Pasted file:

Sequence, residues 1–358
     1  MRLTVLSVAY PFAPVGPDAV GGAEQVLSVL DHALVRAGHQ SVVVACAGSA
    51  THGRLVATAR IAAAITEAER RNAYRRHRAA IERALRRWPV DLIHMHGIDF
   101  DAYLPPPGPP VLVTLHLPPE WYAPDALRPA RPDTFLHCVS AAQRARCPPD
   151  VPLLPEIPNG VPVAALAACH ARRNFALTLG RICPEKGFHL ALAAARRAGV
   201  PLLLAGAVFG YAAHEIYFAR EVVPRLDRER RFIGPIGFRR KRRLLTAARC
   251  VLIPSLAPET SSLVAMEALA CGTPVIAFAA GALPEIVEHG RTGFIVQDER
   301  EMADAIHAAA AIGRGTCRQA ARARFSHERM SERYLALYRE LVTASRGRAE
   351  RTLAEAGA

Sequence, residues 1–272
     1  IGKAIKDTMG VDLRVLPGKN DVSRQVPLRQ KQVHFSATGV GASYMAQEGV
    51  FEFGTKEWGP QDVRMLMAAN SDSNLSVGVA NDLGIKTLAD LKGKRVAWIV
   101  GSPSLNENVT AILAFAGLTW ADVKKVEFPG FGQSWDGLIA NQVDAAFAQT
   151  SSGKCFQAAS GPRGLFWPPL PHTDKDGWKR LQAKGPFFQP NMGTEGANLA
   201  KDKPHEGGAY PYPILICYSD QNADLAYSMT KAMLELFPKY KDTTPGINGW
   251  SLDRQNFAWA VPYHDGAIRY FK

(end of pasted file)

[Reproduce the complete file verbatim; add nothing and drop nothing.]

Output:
Sequence, residues 1–358
     1  MRLTVLSVAY PFAPVGPDAV GGAEQVLSVL DHALVRAGHQ SVVVACAGSA
    51  THGRLVATAR IAAAITEAER RNAYRRHRAA IERALRRWPV DLIHMHGIDF
   101  DAYLPPPGPP VLVTLHLPPE WYAPDALRPA RPDTFLHCVS AAQRARCPPD
   151  VPLLPEIPNG VPVAALAACH ARRNFALTLG RICPEKGFHL ALAAARRAGV
   201  PLLLAGAVFG YAAHEIYFAR EVVPRLDRER RFIGPIGFRR KRRLLTAARC
   251  VLIPSLAPET SSLVAMEALA CGTPVIAFAA GALPEIVEHG RTGFIVQDER
   301  EMADAIHAAA AIGRGTCRQA ARARFSHERM SERYLALYRE LVTASRGRAE
   351  RTLAEAGA

Sequence, residues 1–272
     1  IGKAIKDTMG VDLRVLPGKN DVSRQVPLRQ KQVHFSATGV GASYMAQEGV
    51  FEFGTKEWGP QDVRMLMAAN SDSNLSVGVA NDLGIKTLAD LKGKRVAWIV
   101  GSPSLNENVT AILAFAGLTW ADVKKVEFPG FGQSWDGLIA NQVDAAFAQT
   151  SSGKCFQAAS GPRGLFWPPL PHTDKDGWKR LQAKGPFFQP NMGTEGANLA
   201  KDKPHEGGAY PYPILICYSD QNADLAYSMT KAMLELFPKY KDTTPGINGW
   251  SLDRQNFAWA VPYHDGAIRY FK